Topic: Taking us towards tomorrow – envisioning the 21st century when e-health is embedded across the health sector
Shane Solomon, KPMG
John Wilson, Monash University
Omid Moghadam, Harvard Medical School
Ivan Pedersen, Connected Digital Health, Denmark
Steven Murvey, Consumer Health Forum
Mike Bainbridge, NHS
Q: What will patient-centred healthcare look like in 2025?
- This is a generational change ie Gen Xers will be in the late 40s and 50s and everyone younger than that would have been born into an age where technology is pervasive
- New models of care that are home and community based and include the family and the personal care network. ‘First responder’ doesn’t need to be the clinician.
- We have seen enormous changes in the past 15 years so what we will have in 2025 will be vastly different than today. The role of clinicians will be vastly different. Medical technology will be pervasive and in the home.
- Lots of technology, yes but clinical skills will remain important. The ‘personal’ touch will always be needed. Marry the ‘new’ with the personal to create a more complete and affordable healthcare system.
- Reduced fiscal budget to finance healthcare. Who will have access and where will the $ come from?
- We will want 21st century, evidence based healthcare served up in a martini – immediate, easy.
- Workforce challenge – who is going to do this work, provide the care?
- Managing healthcare will be a community effort. Consumer at the centre who will decide who and in what circumstances their information is shared. They will have choices of shared care, a wider network of who they may choose to be involved in their care. Consumer will take the directing role.
- Won’t need the ‘bricks and mortar’ – will need the technology to link up to and receive care
Q: What advantages will the 15 year olds have that the 65 year olds won’t have?
- Better health literacy
- Ubiquitous choice. Wider variety of choice, even in rural and remote areas. Will be able to consult and connect more widely.
- Healthcare will be more ubiquitous, part of daily life instead of the episodic care we now focus on.
Q: How much control will patients have over the management of their own healthcare?
- Will depend on the individual.
- With power comes responsibility.
- Perhaps the role for intermediaries will arise (government or privately funded intermediaries). Eg to collect, critique, analyse, share and translate medical information becomes a service consumers can subscribe to.
- Healthcare organisations tend to be conservative and difficult to change.
- Data stored in islands that are not communicated.
- How do you increase the health literacy of consumers? High levels of literacy are important and what will happen to those who aren’t?
- Investment in e-health literacy is needed.
The NHHRC blueprint stated healthcare should revolve around patient and described a self-improving, agile system. See report at http://www.health.gov.au/internet/nhhrc/publishing.nsf/Content/nhhrc-report
Q: Multi-disciplinary healthcare teams
- We are on that path now. Legislative changes have supported it and we are seeing it in practice.
- Necessity is the mother of invention – we are working on how to leverage the limited resources we have now.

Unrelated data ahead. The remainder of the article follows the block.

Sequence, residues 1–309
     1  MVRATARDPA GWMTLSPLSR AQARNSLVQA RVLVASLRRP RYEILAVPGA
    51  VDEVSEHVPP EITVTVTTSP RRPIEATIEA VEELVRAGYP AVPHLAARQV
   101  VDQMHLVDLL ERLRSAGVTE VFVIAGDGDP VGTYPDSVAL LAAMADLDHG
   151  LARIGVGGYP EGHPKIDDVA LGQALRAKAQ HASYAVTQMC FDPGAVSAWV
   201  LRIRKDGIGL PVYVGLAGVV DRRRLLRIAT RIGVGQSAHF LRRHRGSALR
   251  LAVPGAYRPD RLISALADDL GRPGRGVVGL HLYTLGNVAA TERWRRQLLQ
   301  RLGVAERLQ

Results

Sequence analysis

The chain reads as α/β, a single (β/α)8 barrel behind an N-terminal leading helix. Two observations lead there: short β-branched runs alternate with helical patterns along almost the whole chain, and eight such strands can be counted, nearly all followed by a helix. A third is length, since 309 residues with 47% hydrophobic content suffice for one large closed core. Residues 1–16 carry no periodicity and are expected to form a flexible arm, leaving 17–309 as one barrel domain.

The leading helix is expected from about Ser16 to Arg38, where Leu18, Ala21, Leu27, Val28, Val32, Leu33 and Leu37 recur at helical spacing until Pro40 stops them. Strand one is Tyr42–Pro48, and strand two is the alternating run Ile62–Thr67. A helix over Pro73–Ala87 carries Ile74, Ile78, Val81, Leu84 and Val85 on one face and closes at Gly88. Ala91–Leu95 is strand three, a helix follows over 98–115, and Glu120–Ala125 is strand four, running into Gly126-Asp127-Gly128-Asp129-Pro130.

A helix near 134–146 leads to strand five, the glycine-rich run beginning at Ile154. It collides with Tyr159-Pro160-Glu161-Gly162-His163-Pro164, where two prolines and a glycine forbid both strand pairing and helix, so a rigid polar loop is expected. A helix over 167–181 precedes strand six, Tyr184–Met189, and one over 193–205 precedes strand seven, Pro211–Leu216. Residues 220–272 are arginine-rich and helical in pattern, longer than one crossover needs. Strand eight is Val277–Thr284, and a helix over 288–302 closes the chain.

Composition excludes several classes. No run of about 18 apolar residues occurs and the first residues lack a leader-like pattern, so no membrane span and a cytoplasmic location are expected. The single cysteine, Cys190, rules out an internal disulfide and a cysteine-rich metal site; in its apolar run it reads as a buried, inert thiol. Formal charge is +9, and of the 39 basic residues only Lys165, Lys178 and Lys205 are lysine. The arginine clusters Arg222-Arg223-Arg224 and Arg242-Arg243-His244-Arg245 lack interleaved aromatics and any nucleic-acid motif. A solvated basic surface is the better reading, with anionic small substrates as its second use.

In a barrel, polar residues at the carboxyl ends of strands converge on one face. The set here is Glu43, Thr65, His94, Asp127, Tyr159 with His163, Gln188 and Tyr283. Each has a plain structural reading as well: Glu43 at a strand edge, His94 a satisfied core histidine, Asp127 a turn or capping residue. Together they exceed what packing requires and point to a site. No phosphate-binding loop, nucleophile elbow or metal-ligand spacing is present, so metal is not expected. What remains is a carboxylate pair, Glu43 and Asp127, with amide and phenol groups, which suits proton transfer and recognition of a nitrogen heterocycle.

- It will be more acceptable in the future. Coordination of working together will happen because we will have the tools to
- Active participants, delegation and coordination is key.
- Transparency allows better communication within the team and also permits collection and analysis of data to prove outcomes.
- We already have a multidisciplinary team, they just don’t have the tools to communicate. Totally uncoordinated and totally relies on the patient to facilitate information exchange.
Q: To what extent will I be monitoring myself?
- Labs on chips will be prevalent
- The more you can monitor yourself, the cheaper it will be. There will thus be a financial incentive to self-manage and self-monitor.
Q: What will be the new models of care in 2025?
- Model has to focus on health literacy and be ‘a darn sight better than call waiting’
- Hospital in the home – it is there already but will be better because it has access to the record.
- Ageing at home will provide most advantage to a cohort that needs much better care and who need to and want to stay at home.
- The future is already here, it just isn’t evenly distributed, William Gibson (sci-fi writer)
- Technology needs to spread further and be more accessible to everyone who needs it.
- Medical technology will continue to become part of a consumer market and will make medical care at home more feasible.
Round of applause from 51% of the audience when Ivan from Denmark noted that there should be women and younger people on a panel talking about the future!!! (my only comment in this blog – well done Ivan!)
Q: What factors will make PCEHR a success?
- How well it fits my needs as a consumer and as a healthcare professional
- Perceptions of consumer risk to opt in
- What makes it worthwhile me signing up? Eg a GP says he won’t be ready to exchange info electronically until 2 years, then perhaps I change GPs?
- Perceptions and delivery of benefits to consumers.
- 3 major barriers – 1) have to have adequate funding; 2) skills and knowledge to use it; 3) utility – easy to use, straight forward interface
- Persuading the current gatekeepers and controllers of information to ‘hand it over’ will be critical.